"A New York Treasure" --Village Voice

No More Mr. Nice Guy

A revival of August Wilson’s Fences, starring Denzel Washington opened last night. I saw the original with James Earl Jones more than twenty years ago and recall it being a powerful night of theater. I think Washington can be a dynamic performer but I haven’t been interested in his work for a long time. This might be good though. 

From Ben Brantley’s review today in the Times:

There’s an exhilarated craziness in his eyes and a confrontational glint that dares us not to believe him. On the subject of his own life, Troy — a former Negro League baseball star turned sanitation worker, and a man whose name aptly evokes a legendary, ruined splendor — is a first-class mythmaker. Which means he’s also a first-class storyteller and a first-class self-deceiver, and that we’re going to hang on to his words.

Mr. Washington, a two-time Oscar winner, has his own personal specter to wrestle with in this production, directed by Kenny Leon and featuring a magnificent performance by Viola Davis as Troy’s wife, Rose. By starring in the first Broadway revival of “Fences,” which picked up about every major prize on offer in 1987, when it arrived on Broadway, Mr. Washington is stepping into the outsize shadow of James Earl Jones.

Large of frame and thunderous of voice, Mr. Jones has a titan’s presence that invested the embittered Troy with an aura of classical tragedy. He was big in every sense of the word, and there was instant pathos in the spectacle of a giant confined by the smallness of a world hedged in by 1950s racism. Mr. Washington has the fluid naturalness we associate with good screen actors, and when he played Brutus in the 2005 Broadway production of “Julius Caesar,” he often seemed to fade into the crowd of milling revolutionary Romans.


1 Yankee Mama   ~  Apr 27, 2010 1:37 pm

I saw the original as well. At first, when I heard that Denzel was doing the part of Troy, I was not inspired. Now, I'm thinking I might give it a try, if only to change how I identify the character. And anyway, it's never bad to support a rabid Yankees fan.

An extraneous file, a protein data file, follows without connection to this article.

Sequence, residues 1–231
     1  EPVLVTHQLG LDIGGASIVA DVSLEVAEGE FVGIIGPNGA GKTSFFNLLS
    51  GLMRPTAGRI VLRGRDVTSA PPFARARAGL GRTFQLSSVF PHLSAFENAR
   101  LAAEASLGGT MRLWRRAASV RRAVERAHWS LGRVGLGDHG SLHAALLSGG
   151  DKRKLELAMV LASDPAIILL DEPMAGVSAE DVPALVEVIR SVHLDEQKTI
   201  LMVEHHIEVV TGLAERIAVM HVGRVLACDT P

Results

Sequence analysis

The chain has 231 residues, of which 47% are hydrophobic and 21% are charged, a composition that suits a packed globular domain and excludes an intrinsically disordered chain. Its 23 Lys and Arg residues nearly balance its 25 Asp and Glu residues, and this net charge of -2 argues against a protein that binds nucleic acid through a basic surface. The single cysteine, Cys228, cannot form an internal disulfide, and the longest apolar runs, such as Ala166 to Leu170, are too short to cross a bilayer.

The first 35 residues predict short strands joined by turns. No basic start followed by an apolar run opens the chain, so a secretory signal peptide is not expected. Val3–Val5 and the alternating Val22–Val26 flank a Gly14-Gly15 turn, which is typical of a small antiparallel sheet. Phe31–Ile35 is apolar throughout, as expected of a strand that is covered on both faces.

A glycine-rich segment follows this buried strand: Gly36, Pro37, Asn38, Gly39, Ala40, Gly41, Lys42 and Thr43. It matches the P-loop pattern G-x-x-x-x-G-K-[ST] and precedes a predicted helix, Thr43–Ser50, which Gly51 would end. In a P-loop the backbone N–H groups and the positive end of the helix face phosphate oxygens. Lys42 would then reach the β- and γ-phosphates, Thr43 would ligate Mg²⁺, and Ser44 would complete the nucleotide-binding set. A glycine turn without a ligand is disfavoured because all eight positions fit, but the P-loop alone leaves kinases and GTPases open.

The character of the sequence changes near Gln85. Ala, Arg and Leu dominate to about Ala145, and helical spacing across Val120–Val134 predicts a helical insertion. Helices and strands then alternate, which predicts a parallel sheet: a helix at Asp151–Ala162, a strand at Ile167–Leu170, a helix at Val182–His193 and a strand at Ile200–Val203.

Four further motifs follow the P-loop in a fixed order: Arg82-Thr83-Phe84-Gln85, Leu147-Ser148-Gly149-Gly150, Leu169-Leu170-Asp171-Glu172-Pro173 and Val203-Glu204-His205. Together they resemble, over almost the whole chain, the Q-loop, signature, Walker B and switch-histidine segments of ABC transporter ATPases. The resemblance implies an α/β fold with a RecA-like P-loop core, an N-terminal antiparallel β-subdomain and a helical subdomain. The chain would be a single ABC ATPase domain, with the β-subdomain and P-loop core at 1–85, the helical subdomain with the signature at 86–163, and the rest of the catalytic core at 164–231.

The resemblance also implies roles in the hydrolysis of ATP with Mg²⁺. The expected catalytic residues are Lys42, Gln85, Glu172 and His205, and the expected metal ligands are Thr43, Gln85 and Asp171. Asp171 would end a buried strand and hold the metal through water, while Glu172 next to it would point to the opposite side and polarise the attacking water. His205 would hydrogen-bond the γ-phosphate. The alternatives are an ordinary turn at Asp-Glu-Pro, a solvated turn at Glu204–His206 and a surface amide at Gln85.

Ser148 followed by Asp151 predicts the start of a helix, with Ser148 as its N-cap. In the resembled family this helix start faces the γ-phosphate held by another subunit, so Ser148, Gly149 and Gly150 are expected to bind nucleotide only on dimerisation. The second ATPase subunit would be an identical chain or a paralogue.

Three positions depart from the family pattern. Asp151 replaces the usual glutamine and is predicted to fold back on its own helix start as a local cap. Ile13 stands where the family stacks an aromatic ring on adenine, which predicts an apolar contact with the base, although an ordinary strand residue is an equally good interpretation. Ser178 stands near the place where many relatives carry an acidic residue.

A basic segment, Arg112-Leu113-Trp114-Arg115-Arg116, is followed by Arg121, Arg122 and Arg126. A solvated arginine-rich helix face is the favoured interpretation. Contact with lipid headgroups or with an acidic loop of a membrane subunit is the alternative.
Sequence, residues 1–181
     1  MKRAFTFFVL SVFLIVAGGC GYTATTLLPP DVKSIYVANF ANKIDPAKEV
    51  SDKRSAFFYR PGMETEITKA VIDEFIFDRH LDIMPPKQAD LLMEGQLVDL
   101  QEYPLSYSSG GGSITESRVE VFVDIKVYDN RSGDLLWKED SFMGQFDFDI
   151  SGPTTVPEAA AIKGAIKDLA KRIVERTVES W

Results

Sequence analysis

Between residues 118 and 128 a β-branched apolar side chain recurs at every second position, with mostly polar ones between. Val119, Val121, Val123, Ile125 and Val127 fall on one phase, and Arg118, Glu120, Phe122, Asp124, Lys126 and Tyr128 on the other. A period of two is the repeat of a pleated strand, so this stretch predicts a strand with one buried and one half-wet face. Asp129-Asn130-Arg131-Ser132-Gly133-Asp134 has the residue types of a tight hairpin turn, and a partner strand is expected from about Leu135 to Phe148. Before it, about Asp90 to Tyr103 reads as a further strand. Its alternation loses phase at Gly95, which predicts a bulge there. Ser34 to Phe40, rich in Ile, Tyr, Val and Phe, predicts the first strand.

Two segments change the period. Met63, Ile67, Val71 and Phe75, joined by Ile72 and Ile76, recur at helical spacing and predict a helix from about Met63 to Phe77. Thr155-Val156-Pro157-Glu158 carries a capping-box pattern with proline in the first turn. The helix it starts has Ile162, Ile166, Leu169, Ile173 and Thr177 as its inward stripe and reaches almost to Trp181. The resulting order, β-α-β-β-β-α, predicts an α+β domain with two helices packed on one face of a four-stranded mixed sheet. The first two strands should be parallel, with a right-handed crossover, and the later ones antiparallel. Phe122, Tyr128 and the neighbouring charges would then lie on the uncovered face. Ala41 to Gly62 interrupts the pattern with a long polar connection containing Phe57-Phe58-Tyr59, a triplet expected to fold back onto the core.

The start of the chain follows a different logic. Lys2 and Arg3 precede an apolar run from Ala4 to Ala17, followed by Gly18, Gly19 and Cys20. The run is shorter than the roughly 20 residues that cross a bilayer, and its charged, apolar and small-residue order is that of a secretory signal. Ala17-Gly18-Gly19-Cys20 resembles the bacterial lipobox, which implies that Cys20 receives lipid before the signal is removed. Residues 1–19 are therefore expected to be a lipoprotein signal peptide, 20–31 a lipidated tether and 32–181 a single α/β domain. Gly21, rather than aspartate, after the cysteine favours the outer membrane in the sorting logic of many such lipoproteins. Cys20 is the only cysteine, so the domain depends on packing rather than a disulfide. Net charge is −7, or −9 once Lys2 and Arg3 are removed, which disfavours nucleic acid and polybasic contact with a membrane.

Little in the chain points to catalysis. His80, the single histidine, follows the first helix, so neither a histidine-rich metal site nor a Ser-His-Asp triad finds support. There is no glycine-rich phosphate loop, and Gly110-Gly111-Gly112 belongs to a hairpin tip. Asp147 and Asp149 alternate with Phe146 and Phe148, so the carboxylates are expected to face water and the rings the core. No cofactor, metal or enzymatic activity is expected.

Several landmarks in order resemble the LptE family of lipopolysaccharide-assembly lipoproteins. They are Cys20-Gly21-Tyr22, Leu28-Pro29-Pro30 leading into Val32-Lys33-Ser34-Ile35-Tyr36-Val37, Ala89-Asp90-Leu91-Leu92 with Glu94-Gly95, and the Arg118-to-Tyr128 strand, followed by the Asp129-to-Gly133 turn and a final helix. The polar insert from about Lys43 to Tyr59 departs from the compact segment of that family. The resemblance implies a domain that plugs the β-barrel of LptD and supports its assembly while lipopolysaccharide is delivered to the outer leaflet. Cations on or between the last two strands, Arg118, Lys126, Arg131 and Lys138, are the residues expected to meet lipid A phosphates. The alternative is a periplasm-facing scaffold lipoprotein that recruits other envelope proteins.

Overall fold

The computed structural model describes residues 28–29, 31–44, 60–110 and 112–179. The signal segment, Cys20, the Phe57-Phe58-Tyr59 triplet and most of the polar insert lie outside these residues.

2 Chyll Will   ~  Apr 27, 2010 1:43 pm

There would seem to be a high contrasting of styles between Mr. Jones and Mr. Washington; James Earl Jones has a full and powerful voice that just barrels at you and blows you away when provoked, yet is protective and instructing when at rest. Denzel's voice insinuates itself into you consciousness, like the voice in the back of your head telling you to do something right or do something wrong. Nothing wrong with Denzel having his own take on the role as long as people don't compare the two; unfortunately for him James owned that role and it will take a legendary effort to not even supplant, but make his own mark. That said, I'm glad that he's up for the challenge; the mark of an actor's actor.

3 Alex Belth   ~  Apr 27, 2010 2:58 pm

Will! Nice to see you, my man.

4 moismycopilot   ~  Apr 28, 2010 5:38 pm

I was too young to have seen the original, but I treated myself to the revival for my birthday. Without having Jones as a benchmark, I thought that Washington was very good in the role--very natural and "life sized." However, as good as he was, Davis was even better. I couldn't look away during her second act scenes, her performance was so riveting. For what it's worth, the audience that I was in gasped at the same point that Brantley described in the review.

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